Sooo... I read about the BIRADS (hadn't heard that term before... theres so much to learn!). And that is another thing that is weighing heavy on my mind. They have also found a lump on my left breast. It *was* a BIRAD 2. When they initially did the mammogram on June 22nd. But last Wednesday, July 14th, they did an MRI and an Ultrasound on my left breast.    They didn't tell me what BIRAD it was, just that they want to watch it and check it again in 4-6 mos.

Okay... Now I'm all worried about that. Obviously, my track record is not good. I don't want to have a mastectomy, be in the middle of chemo, and then have them say "Oops... that's cancer too... back to the cutting table".  I don't want to spend the next couple mos worrying about that on top of everything else.

Even tho a BIRAD  2 is *most likley* benign, wouldn't the  statistics in my personal case, warrant a closer look, and a higher likelihood of cancer there as well? Why don't they just take both breasts, and be done with it??? Why drag it out, and have me worried about that one for months and months and months????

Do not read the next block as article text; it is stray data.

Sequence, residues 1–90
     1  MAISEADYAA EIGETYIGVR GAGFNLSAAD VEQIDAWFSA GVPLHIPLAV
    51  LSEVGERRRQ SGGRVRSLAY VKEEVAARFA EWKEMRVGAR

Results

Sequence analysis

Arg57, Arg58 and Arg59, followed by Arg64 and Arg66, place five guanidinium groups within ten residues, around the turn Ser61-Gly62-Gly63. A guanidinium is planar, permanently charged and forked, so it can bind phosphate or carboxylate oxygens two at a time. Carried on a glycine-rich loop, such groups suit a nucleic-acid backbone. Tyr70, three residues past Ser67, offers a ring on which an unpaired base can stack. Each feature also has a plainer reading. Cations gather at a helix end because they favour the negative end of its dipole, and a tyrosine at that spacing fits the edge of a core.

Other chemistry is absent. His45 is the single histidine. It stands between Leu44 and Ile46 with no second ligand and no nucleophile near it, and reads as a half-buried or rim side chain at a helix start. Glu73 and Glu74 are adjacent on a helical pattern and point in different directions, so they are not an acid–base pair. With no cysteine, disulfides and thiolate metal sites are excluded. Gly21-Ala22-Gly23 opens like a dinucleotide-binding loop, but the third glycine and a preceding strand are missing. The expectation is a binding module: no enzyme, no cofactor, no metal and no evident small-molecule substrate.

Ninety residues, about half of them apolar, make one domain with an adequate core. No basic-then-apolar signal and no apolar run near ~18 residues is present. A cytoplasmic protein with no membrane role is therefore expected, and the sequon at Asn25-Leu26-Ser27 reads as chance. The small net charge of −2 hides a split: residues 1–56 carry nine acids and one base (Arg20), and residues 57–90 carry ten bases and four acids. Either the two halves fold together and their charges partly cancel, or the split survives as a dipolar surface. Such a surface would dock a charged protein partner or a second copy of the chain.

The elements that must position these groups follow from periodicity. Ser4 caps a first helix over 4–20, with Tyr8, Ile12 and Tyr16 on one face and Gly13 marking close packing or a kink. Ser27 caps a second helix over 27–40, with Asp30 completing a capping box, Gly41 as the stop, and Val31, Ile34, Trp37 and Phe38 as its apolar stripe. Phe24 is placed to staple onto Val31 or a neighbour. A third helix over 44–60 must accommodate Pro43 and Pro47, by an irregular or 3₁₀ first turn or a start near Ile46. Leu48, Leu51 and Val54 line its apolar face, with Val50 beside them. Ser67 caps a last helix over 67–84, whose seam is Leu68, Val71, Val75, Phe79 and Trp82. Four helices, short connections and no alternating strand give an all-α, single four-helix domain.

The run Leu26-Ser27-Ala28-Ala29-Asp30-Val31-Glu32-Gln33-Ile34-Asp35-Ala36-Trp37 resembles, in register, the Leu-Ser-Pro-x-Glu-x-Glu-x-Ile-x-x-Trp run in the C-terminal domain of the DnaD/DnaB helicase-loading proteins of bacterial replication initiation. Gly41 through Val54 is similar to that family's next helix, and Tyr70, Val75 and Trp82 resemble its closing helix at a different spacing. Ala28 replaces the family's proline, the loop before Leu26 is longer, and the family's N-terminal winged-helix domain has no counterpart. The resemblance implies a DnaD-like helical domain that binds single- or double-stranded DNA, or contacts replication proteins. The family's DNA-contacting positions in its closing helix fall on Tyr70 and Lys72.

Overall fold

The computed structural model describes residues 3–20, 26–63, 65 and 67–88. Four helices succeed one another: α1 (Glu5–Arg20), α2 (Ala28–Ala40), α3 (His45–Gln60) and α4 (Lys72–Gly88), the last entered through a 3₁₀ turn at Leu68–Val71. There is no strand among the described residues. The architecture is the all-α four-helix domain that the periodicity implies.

Thanks, Anne
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962875_tn?1314213636
In view of  your history, you could certaily insist on a biopsy of the new lump, even though it appears benign.

Many women also consider prophylactic mastectomy of the contralateral breast, sometimes at the same time as the mastectomy of the cancerous breast, either with or without immediate reconstruction, because like you, they don't want to have to worry about going through all of that again.

The type of cancer that is found in your pending results could also be a factor in that decision, if it turns out to be the type that has a higher risk for spread or recurrence...

There is not yet conclusive evidence that taking that step confers a survival advantage all across the BC population, but apparently there is greater likelihood of that being the case in younger women such as yourself.